You can check whether you are eligible and apply at the federal fuel assistance office (Brennstoffhilfe). If you live in Bavaria, Berlin or North Rhine-Westphalia, however, each state’s ministry is responsible for this and the application must be submitted there rather than at the federal level. 

It takes about 15 minutes to complete and send off the application.

Tax return deadline ends

If you have to file a tax return for 2022, and don’t have the assistance of a tax advisor or association, you’re unfortunately up against a pretty tight deadline: your Steuererklärung tax return must be submitted to the tax office by October 2nd. 

The deadline for individuals without a tax advisor had been extended by two months from the end of July 2023. However, since September 30th is a Saturday, Monday has been designated as the very last day to file.

READ ALSO: What happens if you miss your tax return deadline in Germany?

Gas will become cheaper

Starting on October 1st, gas prices became cheaper for consumers, as the comparison portal Verivox reported. The Trading Hub Europe (THE) is the market manager for the German gas market and will reduce the control energy levy from 0.57 cents/kWh and the conversion levy from 0.038 cents/kWh to zero cents each in October.

Radiator knob

A person turns up the heat in Germany. Photo by Ina FASSBENDER / AFP

For customers, this means savings of about €130 for a single-family home with a consumption of 20,000 kWh per year, about €78 for a couple household with 12,000 kWh and about €33 for a single household with a consumption of 2,000 kWh.

The catch: the price does not drop automatically and is only taken into account for new contracts – so it might be worth shopping around.

Higher interest rates for student loans

Anyone who finances their studies fully or partly with student loans should brace themselves for higher interest rates. Starting on October 1st, the interest rate will rise to over eight percent, up from an increase to 7.55 percent in April.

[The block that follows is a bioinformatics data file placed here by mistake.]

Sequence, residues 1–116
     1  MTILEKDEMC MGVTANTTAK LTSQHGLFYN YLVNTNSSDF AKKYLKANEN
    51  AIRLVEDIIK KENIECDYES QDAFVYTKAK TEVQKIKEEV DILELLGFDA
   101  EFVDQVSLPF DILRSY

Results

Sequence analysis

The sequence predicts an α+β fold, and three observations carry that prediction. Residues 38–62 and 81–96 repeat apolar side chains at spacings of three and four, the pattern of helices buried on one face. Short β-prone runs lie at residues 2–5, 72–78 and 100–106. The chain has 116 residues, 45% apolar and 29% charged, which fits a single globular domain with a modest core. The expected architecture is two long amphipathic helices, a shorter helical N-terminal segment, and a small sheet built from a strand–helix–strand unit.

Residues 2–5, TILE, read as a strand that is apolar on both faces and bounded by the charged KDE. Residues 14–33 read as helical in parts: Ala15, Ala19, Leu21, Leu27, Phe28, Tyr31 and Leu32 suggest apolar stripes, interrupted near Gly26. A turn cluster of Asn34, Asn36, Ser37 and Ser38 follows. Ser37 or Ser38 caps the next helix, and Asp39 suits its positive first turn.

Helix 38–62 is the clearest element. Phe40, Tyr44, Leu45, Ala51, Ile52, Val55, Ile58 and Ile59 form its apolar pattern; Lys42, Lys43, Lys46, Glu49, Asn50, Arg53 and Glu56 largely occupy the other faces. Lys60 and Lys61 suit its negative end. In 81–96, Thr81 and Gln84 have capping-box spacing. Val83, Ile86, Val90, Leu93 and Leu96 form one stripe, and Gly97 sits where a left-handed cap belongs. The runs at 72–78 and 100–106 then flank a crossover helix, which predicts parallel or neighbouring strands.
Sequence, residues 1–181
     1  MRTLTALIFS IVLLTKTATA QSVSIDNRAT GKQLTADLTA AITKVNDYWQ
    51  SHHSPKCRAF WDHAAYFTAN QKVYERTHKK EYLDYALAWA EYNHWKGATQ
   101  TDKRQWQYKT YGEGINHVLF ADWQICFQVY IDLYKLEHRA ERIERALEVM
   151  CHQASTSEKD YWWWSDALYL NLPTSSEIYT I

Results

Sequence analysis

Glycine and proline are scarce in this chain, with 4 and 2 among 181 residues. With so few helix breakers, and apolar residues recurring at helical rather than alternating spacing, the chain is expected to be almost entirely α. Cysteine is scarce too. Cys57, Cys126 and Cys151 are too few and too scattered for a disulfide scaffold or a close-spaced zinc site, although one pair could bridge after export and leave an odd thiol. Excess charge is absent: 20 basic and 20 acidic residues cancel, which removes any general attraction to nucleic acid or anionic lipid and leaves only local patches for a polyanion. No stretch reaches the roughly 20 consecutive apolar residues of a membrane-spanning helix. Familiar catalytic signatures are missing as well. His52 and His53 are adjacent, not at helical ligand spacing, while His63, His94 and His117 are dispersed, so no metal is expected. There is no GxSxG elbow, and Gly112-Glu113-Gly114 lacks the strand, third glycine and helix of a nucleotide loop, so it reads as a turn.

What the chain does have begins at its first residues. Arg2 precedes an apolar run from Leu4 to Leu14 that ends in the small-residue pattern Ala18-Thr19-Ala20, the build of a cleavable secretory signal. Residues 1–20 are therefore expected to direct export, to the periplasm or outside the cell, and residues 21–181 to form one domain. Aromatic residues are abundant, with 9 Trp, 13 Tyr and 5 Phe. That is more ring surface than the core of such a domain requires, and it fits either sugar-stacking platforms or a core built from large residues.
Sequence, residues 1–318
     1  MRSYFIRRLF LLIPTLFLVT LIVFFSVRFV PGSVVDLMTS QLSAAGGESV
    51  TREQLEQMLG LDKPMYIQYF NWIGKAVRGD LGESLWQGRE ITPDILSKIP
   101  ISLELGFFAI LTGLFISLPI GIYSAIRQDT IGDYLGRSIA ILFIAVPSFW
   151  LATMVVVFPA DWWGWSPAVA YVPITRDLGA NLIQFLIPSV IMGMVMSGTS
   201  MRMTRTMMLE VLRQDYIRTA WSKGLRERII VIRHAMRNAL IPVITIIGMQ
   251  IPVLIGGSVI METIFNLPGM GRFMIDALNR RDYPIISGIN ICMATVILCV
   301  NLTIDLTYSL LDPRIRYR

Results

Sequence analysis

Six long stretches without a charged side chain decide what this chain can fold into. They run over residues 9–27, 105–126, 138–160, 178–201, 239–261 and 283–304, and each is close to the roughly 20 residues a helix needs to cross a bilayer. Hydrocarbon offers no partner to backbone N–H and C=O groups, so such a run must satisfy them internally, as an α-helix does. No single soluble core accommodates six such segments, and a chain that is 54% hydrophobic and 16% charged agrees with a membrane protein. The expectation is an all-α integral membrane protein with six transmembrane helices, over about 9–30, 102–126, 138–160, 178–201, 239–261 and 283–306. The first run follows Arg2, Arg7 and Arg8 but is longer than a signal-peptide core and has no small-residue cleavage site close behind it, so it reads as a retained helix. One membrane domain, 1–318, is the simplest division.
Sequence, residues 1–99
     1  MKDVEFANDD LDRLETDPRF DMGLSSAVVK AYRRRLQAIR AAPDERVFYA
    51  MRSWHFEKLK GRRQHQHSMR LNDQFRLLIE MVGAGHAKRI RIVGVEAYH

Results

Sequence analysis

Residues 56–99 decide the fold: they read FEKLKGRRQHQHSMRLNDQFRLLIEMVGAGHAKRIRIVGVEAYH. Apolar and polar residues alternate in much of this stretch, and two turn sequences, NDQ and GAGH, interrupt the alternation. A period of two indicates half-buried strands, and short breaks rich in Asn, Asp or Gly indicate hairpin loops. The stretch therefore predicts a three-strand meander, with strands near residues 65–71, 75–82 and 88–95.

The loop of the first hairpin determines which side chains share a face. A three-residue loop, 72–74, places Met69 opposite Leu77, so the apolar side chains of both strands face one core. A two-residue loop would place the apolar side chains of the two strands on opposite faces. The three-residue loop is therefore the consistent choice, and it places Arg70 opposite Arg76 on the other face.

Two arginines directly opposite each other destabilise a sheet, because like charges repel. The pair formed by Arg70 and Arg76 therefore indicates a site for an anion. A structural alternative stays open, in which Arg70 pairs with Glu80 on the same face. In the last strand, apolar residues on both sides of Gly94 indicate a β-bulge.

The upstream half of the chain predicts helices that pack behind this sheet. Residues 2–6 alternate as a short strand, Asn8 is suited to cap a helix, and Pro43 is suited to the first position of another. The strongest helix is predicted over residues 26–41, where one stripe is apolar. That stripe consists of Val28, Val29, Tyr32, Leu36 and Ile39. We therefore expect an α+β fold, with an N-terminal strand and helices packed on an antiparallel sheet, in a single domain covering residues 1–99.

The increase is related to the so-called Euribor interest rate, with which banks do business among themselves and which is also used as a benchmark for KfW student loans. 

Deutsche Bahn changes ticket system

Starting on October 1st, Deutsche Bahn has started selling long-distance savings tickets at travel centres and agencies if a mobile phone number or e-mail address is provided by the customer, according to DPA. The change is being made so that DB can directly alert customers about changes to their journeys, for example if a train is running late.

“We are continuing to switch to online tickets because because we want to keep customers better informed about their travel progress”, a DB spokesman told DPA.

READ ALSO: Why is Deutsche Bahn seeing a record high number of delays this year?

WhatsApp might not work on your phone anymore

Owners of older mobile phone models will have to prepare for serious changes from October 2023, as WhatsApp will no longer work on these devices. To continue using the messenger, at least Android version 5.0 is required. Meta will inform all affected users in good time before the service is discontinued for them.

Sick leave